Diploma Level 3 Health and Social Care

Topics: Communication, Nonverbal communication, Paralanguage Pages: 5 (1816 words) Published: May 28, 2013
SHC 31: 1.1, 1.2, 2.2,3.1,3.2,3.5,4.1,4.3

During the day various forms of communication are used and several people are involved directly or indirectly while communicating. We communicate we each other to promote good work practice and general social skills, to be able to communicate with different cultures and races is very important. Everyone is different and it is up to us as an individual to determine what approach, tone and body language to use when in different social settings as being a support worker, teaching and promoting social skills is vital to the young children and adults we work with future life skills. Communication comes in many forms: Verbal communication is by word of mouth, when we talk to others we assume that they understand what we are saying because we know what we are saying. But that is not always the case as usually people bring their own attitude or perception, which could create a barrier in delivering the right meaning. In order to deliver the right message you sometimes have to thing from the point of view of the person you are talking to. Non-verbal communication is the sending or receiving of wordless messages, text, or email. It also comes in such forms as body language, posture, and tone of voice or facial expressions and behaviour. Non-verbal communication is mainly all about the body language of the speaker. Often non-verbal signals reflect the situation more accurately then verbal messages as changing the tone of your voice is relatively easy however trying to change your body language is more difficult as there a too many aspects to concentrate on to be able to not give away something especially with young children as in some cases their minds are not developed enough. When communicating with the people within the work setting and those who are not is critical to my everyday duties, all kinds of information is passed on during the course of a day: * Handovers

* Daily reports
* Medicine records
* Budget records
* Security checks
* Young peoples activity planners
* Shift planner
* Phone calls to parents/medical personnel if needed
* Young peoples food menus
* Calorie charts
* Behaviour charts
* Contact reports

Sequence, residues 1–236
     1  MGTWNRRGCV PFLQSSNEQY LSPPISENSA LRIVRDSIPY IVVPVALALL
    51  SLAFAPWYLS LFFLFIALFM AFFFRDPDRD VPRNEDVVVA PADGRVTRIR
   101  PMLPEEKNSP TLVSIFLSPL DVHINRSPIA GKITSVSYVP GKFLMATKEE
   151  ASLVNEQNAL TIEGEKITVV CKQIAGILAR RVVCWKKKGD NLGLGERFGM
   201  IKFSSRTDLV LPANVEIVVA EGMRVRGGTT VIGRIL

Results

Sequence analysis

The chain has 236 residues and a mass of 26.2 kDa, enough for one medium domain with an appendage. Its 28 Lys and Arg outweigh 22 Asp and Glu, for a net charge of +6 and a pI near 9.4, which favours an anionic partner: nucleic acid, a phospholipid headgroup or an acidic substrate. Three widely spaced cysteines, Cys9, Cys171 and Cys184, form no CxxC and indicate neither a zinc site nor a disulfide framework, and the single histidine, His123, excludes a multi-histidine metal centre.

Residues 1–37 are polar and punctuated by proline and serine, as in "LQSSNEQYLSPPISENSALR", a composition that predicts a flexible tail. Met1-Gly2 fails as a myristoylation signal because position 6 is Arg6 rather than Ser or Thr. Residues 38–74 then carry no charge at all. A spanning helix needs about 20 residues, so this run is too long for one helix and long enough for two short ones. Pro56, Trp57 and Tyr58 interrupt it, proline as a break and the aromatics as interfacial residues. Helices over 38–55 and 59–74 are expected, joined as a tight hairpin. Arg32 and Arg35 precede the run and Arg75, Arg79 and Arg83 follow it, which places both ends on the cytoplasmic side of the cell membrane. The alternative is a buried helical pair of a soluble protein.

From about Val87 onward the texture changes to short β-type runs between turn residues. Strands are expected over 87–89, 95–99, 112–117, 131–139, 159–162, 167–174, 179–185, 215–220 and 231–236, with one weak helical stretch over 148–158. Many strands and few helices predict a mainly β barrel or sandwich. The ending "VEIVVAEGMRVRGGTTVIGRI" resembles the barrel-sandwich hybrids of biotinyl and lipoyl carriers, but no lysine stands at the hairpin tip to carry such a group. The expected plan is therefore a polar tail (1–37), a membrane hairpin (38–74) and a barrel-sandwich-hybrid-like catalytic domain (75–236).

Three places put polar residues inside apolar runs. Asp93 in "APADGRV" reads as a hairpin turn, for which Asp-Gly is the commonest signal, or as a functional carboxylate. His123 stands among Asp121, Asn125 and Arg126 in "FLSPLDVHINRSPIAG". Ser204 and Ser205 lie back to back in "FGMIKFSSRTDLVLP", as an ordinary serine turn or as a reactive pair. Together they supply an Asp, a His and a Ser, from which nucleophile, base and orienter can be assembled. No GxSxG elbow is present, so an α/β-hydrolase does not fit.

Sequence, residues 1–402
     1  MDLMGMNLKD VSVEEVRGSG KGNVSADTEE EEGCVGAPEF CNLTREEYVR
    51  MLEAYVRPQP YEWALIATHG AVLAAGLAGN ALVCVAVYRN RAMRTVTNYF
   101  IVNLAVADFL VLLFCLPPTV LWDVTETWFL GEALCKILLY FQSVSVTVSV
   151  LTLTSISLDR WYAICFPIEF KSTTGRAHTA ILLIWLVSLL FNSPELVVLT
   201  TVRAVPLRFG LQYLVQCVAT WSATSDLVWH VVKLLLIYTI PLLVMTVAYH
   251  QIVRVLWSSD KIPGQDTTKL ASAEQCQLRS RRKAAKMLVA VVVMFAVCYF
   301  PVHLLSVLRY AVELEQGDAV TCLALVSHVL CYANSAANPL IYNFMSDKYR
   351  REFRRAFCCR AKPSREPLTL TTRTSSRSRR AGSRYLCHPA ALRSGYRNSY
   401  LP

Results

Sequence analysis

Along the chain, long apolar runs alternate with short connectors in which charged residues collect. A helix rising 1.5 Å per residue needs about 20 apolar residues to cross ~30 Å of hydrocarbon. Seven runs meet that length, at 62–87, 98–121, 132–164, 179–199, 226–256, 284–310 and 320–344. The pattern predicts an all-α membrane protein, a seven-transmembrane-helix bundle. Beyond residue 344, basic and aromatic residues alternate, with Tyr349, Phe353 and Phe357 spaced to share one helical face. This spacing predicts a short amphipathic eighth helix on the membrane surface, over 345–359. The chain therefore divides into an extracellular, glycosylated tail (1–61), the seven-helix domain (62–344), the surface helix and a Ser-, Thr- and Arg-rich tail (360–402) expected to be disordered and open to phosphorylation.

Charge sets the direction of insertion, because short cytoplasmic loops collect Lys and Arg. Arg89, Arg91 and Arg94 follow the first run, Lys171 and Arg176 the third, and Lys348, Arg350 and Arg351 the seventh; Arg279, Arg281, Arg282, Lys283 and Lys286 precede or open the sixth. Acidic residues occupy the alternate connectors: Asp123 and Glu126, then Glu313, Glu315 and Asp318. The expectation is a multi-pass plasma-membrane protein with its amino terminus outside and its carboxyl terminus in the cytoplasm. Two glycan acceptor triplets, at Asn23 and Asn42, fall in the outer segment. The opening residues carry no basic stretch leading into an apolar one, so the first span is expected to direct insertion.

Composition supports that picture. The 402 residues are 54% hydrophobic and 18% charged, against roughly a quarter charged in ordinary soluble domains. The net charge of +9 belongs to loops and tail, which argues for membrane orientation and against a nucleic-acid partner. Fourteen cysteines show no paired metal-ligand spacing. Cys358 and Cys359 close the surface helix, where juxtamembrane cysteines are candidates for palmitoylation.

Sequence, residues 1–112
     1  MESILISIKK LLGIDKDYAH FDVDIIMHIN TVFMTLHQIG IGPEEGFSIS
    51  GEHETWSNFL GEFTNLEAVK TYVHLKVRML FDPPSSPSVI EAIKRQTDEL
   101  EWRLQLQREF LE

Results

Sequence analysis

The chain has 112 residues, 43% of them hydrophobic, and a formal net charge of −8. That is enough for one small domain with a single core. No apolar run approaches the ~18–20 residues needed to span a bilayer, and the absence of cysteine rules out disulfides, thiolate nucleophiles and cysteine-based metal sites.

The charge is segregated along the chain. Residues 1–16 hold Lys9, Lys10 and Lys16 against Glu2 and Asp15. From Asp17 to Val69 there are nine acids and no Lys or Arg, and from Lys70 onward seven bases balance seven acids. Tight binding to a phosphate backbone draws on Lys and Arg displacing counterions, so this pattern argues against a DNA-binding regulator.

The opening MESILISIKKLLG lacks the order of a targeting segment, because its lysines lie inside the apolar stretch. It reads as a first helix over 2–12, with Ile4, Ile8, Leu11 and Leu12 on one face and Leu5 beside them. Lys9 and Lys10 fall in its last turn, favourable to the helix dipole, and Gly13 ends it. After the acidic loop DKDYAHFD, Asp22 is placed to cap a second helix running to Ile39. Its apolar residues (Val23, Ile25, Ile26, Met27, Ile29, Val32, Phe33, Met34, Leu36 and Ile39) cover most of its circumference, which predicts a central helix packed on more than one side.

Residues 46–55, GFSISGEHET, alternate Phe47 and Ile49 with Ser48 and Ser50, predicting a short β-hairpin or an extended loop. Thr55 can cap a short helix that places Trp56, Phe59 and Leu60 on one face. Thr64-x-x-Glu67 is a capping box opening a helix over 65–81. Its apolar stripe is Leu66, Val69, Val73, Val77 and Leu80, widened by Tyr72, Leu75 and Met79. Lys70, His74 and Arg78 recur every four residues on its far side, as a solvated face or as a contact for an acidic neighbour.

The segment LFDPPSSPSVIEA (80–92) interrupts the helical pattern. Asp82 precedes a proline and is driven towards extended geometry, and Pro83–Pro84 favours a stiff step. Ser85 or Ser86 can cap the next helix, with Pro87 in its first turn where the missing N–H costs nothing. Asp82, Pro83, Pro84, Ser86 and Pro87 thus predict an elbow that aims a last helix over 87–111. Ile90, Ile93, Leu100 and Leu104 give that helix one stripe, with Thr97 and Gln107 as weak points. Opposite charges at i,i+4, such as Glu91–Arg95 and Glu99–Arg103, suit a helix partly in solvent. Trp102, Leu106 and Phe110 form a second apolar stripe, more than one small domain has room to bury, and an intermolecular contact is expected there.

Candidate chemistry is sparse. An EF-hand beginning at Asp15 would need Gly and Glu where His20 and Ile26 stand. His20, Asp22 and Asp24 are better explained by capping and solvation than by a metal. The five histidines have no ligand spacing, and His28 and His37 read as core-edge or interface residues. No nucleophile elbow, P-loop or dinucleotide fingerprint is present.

Many more types of information are passed through several different people during the day to, collectively all this information helps use to ensure the young people and adults we support are being treated fairly and specifically to their needs. Missing or making mistakes when communicating with each other is something that may occur which is why it is important to have verbal handovers as well as written ones to ensure all main points are covered. Daily reports go into more detail about the individual in question, they outline the daily activities, what they have eaten, education, injuries/accidents, sanctions, contact, and other information. These are read when the handover is complete. Phone calls are very frequent within the workplace, parents, social workers, doctors even company directors are in constant contact with the support team, parents call to see how their child is and to arrange contact and various other issues, social workers are updated about the young people all the time via email to. They work closely with the support team and the manager of the home to ensure things are going well and that any risks that may potentially occur don’t. As stated earlier everyone is different and sometimes situations can occur when working relationships become disrespectful or unsupportive. There are so many different factors to explore when this happens, but for me the two main things to consider are the environment i.e. where you are at that time and the body language of the other individual or individuals. Different circumstances require different methods of approach, disrespectful relationships are potentially volatile, as if one person has no respect for the other communication is going to be at a minimum and the body language...
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